Fr. Carey said Dr. Perkins was his colleague and friend, and he was on the research team that discovered Interferon a drug used to fight cancer. Perkins was a recovering alcoholic for 42 years. Before he died of cancer, he said to Fr. Carey in a very despondent voice, "I am an old drunk dying of cancer."

"I thought about the seas of people Spence had treated as a research oncologist, the book he published, and the lives he had changed," said Fr. Carey. "Then he asked me how I think of myself. That was the easiest question I have ever been asked. I said, I am a believer in Jesus Christ. He wished he could say that, and I told him he could, it was a gift."

Fr. Carey said we want to fully become believers in Jesus Christ, which is an ongoing gracious enterprise. It is the dance that our God invites us to – to give our hearts, our whole selves entirely and completely to Jesus Christ.

The second thing Fr. Carey identified was we have to have a personal relationship with Jesus.

"Unless you eat of the flesh of the son of man and drink his blood, you have no life in you, Jesus taught," said Fr. Carey. "He told us he was the vine and we are the branches, apart from him we can do nothing. This is absolutely essential, and we do that most fully as a sacramental church gathered in union with our bishop around the table of remembrance. It is not a private practitioner’s enterprise. You cannot have Jesus by yourself. The body of Christ is the faithful. The scriptures belong to the church and came out of the church, both the church of the first covenant and the church in the testament of Jesus Christ from the believing community.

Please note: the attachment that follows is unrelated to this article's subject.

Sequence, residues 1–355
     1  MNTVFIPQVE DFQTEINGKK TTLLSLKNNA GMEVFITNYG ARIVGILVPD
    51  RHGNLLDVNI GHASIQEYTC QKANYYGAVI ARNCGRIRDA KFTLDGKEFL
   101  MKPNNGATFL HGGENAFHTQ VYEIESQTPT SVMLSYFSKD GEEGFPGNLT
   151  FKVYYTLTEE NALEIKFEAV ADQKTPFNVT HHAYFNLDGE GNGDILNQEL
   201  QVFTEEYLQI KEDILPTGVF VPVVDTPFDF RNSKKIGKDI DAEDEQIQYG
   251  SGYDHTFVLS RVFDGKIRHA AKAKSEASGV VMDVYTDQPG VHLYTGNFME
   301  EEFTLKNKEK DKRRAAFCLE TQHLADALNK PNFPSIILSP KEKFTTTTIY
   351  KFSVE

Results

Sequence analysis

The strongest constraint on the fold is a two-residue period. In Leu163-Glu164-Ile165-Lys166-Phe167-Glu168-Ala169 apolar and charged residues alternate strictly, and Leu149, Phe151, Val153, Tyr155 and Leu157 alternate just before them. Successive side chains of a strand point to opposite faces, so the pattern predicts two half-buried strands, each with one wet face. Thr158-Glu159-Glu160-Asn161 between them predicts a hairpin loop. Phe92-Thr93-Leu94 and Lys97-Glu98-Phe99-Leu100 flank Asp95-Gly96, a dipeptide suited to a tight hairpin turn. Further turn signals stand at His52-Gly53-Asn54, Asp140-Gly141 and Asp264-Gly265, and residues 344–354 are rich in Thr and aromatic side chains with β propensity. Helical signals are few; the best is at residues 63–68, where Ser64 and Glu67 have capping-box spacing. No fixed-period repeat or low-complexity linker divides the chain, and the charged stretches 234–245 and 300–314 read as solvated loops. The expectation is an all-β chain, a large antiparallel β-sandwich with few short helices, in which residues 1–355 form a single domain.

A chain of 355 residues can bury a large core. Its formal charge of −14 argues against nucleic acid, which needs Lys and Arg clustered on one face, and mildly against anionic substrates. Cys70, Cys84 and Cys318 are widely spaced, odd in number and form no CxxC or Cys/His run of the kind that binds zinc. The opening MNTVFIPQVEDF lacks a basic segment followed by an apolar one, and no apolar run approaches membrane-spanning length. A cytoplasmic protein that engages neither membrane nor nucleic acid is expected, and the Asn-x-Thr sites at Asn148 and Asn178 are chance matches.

Fr. Carey said the third unique phenomenon in the ministry of Jesus is Jesus inclusivity. Jesus ate with sinners and welcomed those who were unclean. Inclusivity is welcoming all of our brothers and sisters. It also includes those who disagree with us, and those who have a theology really different from the one that prompts us to ministry.

The fourth and final element is to love without limit and have mercy with out measure. Fr. Carey said Jesus told us we must have forgiveness without limit. Jesus told Peter we must forgive 70 times seven times, which means infinity times infinity.

"What Jesus does is challenge our hearts to the maximum, not to the minimum," said Fr. Carey. "This is a challenge and an invitation. What baptism does in making us one with Christ calls us to profound holiness to love without limit and mercy without measure."

In conclusion Fr. Carey said, "We are so blessed to belong to Jesus Christ, who with the grace of his own spirit has fashioned us into his people and made us a sacramental church in which we live and celebrate the reality of the call to be one with him and to spend ourselves in loving service of proclaiming the good news to all those with whom we share our lives."